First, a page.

When working within a framework of frustrating constraints that make it difficult to do one's job, individuals start to think about how much easier their tasks would be to complete if they were able to work outside those confines.
This isn't a malicious or defiant act. It is simply a natural reaction when one feels that the job they've been hired to do is being impeded by those they are trying to do it for. In a recent GigaOM article, Bart Copeland uses the perfect analogy to describe this cumbersome situation.
"You're stuck in bumper-to-bumper traffic. No one's moving. It's hot, the air conditioner is busted and next to you is a tempting escape … a wide-open breakdown lane," he writes. "Sure, you could move over and jump ahead. You'd get where you wanted to go faster, but you'd be breaking the rules."
In this blog we have talked about employees finding ways around IT best practices for purposes of convenience and how this can open small business networks to a gaggle of threats. But, there is a flipside to that coin. Think of it from an employee's perspective. They have been hired to do a job and the last thing they should have to deal with is people within that very company standing in their way.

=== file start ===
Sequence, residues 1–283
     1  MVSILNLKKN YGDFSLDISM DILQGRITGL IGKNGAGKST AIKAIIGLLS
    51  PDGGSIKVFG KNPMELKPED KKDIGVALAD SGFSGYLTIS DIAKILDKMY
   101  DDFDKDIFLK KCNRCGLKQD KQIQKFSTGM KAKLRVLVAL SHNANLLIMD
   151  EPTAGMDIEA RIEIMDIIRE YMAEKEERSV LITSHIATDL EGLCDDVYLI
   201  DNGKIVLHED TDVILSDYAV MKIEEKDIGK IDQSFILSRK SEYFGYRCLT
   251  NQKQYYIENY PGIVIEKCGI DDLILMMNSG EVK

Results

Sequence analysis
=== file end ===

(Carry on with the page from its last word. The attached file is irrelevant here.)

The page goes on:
For small and midsize businesses (SMBs) with limited resources and staff, there are two scenarios at opposite ends of the spectrum that can prove equally damaging. We've previously covered what happens when IT protocols are too lax. But, when excessive restrictions are placed on employees because a business does not have the assets to properly manage a network, it can be just as bad.
SMBs need to establish an environment where IT protocols are not placing unnecessary and frustrating restrictions on what developers and other personnel can accomplish. Managed IT support providers can work with each department to determine their needs and how to build a network that is both secure and enables team members to do their jobs efficiently.